I don’t like going to the gym. I have tried and tried hard. In the years during my under-graduate studies, MA training was not available where I studied. So I tried to do running, gym, games like soccer, basketball etc. I did something or the other throughout. But I did not diligently train any particular thing. That is I burned calories, in many different ways, but there was very little skill acquired for all the work I put in. There just wasn’t enough motivation to continue training beyond a few weeks when the initial tempo gave out and sustained motivation was required to train diligently.
Surprisingly I could not pin point the exact reason why I did not feel motivated. I like being fit. I don’t mind physical hardwork and pain. And I love the feel when after long practice , things I was clumsy and ungainly with initially, I execute with economy and beauty.
One exception to this was martial arts. I have practiced karate and jeet kune do at different times. As long as I was practicing in the dojo, nothing was too hard, over strenuous or boring. Even on days when the practice involved huge number of repetitions, arms and legs felt like lead but inside I was raring to go for the next class.
This feeling was even more pronounced when I started Aikido with Sensei Kar in March 2007. Even with twisted elbows and knees, pain in the back from so many botched ukemies, the desire to go to the next class was always as strong.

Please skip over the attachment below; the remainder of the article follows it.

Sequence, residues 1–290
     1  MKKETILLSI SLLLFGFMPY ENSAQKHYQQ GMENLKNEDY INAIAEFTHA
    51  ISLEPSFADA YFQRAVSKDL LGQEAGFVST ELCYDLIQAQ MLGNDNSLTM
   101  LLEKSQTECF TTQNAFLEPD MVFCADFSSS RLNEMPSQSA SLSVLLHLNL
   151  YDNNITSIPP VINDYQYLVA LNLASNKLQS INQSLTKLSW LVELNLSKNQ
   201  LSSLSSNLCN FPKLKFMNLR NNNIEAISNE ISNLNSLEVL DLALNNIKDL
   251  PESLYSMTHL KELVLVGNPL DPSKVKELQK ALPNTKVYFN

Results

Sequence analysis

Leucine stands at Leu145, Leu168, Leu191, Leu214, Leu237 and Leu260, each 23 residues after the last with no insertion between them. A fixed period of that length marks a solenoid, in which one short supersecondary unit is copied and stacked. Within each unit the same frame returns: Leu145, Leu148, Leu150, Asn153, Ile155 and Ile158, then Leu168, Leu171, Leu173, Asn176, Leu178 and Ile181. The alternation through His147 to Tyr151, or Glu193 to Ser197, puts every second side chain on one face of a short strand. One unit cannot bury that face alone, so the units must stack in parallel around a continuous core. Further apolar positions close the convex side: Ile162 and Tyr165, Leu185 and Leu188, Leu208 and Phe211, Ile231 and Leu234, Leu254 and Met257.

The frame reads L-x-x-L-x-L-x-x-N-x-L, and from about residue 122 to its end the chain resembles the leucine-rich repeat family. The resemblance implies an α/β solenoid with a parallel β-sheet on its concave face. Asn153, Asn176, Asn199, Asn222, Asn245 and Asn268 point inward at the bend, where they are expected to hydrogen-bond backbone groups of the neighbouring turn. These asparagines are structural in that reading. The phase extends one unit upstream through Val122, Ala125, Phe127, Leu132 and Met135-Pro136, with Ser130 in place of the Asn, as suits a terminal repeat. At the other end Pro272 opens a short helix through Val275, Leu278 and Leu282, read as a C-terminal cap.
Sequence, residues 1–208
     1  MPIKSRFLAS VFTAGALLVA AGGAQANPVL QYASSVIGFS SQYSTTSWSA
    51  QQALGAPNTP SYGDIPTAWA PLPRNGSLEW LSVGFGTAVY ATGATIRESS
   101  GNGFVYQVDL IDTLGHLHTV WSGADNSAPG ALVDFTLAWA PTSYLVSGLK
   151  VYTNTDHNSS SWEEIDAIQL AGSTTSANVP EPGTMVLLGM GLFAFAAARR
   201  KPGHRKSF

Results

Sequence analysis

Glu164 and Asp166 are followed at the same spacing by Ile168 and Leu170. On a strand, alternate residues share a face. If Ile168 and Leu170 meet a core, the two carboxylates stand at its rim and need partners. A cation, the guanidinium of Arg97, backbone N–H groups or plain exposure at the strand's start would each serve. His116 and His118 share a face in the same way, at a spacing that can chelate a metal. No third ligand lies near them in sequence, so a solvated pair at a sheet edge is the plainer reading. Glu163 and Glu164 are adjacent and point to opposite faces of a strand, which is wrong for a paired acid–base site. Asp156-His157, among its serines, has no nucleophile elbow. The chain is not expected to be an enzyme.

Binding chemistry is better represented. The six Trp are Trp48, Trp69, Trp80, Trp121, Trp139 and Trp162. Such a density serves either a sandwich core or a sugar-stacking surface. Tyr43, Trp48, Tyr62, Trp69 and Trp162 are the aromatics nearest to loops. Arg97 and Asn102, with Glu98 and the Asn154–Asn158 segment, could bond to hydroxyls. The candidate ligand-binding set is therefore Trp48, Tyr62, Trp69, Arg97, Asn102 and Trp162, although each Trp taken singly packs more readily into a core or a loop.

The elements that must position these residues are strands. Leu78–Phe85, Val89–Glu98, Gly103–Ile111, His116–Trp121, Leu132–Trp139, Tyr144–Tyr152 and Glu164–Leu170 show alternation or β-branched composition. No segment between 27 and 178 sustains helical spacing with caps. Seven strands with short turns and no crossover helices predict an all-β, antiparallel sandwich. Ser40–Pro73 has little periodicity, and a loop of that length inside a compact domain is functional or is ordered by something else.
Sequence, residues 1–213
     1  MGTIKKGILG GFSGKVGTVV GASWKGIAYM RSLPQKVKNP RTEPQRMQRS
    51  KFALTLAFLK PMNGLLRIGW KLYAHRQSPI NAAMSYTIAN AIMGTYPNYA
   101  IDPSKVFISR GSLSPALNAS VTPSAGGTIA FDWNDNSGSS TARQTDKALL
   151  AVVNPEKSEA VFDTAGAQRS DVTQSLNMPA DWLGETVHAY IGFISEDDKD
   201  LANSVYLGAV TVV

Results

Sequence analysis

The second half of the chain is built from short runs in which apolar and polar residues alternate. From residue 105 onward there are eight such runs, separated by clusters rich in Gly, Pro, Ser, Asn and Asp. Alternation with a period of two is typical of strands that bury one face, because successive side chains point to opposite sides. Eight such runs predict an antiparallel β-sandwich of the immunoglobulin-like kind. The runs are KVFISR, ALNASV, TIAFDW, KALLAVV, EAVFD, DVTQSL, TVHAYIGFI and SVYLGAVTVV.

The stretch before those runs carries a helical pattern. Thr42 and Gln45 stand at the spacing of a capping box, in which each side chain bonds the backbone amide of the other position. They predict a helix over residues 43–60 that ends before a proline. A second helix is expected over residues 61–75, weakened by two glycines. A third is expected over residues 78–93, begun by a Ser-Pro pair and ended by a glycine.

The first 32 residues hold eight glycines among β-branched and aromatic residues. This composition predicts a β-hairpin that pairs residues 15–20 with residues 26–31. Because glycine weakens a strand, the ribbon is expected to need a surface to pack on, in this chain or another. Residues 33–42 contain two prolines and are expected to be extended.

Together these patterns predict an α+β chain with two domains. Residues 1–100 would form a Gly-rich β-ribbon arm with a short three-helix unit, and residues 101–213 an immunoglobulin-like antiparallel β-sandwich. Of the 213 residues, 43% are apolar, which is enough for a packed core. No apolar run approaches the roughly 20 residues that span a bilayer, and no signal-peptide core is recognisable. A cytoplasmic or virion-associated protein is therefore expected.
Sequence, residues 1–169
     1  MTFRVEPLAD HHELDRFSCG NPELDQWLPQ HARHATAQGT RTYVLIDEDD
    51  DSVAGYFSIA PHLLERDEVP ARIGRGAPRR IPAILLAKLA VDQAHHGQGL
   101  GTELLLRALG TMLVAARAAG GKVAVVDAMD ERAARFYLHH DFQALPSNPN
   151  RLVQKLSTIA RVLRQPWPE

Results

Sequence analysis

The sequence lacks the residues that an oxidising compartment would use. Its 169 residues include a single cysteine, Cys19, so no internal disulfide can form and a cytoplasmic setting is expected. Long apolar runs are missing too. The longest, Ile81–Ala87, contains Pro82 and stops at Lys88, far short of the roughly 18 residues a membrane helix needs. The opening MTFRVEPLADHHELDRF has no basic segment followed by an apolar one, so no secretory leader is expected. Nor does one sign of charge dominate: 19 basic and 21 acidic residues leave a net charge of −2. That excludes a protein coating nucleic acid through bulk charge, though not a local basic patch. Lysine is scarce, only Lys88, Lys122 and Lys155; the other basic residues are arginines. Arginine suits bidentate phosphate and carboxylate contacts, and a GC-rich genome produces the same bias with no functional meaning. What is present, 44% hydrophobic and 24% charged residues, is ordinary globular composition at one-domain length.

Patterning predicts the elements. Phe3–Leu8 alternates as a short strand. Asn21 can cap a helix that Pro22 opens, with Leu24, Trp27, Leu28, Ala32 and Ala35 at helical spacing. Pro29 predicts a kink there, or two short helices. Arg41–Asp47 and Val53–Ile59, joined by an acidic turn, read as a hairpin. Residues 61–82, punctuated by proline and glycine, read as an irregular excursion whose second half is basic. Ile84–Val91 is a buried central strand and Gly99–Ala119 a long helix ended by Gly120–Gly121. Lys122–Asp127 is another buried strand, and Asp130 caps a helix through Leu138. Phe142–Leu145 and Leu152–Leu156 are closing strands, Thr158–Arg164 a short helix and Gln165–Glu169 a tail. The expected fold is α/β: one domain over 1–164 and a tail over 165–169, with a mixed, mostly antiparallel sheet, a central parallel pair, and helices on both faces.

My friends and peers frequently ask what is so great about going to my class in spite of the injuries and pain. I used to say that look –
• I have lost 14 kgs in 10 months, without dieting!
• I am so much fitter and strong
• my stamina is up
• I feel full of energy
• I am so much more flexible
• I feel relaxed
What else do you want? But they say, you can get the same benefit by going to a gym, yoga, jogging or any combination of these, and so safe and soft on the body.
I had no answer.
But now I think I see the difference. The difference lies in my objective. If my objective was to get fit and nice looking body and no more, then he gym approach is good. But that alone did not satisfy me so very soon I get bored with only the physical exercise.
My satisfaction seemed to relate to the control and awareness over my body that results from taking ukemi, the loss of fear. The ever increasing capacity to adapt my body in response to the stress put on it.
Learning to take ukemi I think is the key to the heart of Aikido. To adapt to the force and its direction as applied by the Nage, to go along with its application and finding your balance again without loosing the combat initiative.
The sense of relaxation was, I think, a result of reduced anxiety. Anxiety and fear for getting hurt, over uncertainty about a situation, physical or otherwise. It is this loss of fear and the accompanying confidence in my capacity to control my body to ever changing physical and social environment, that makes me feel relaxed and aware at the same time.
‘Relaxed and aware’, I think yogis call this state the ‘witness state’ where one is able to look at one’s circumstance without being emotionally effected by it. To be able to maintain it permanently, for it to become part one’s nature, is the elusive goal for most of us, even though many may not be aware of it.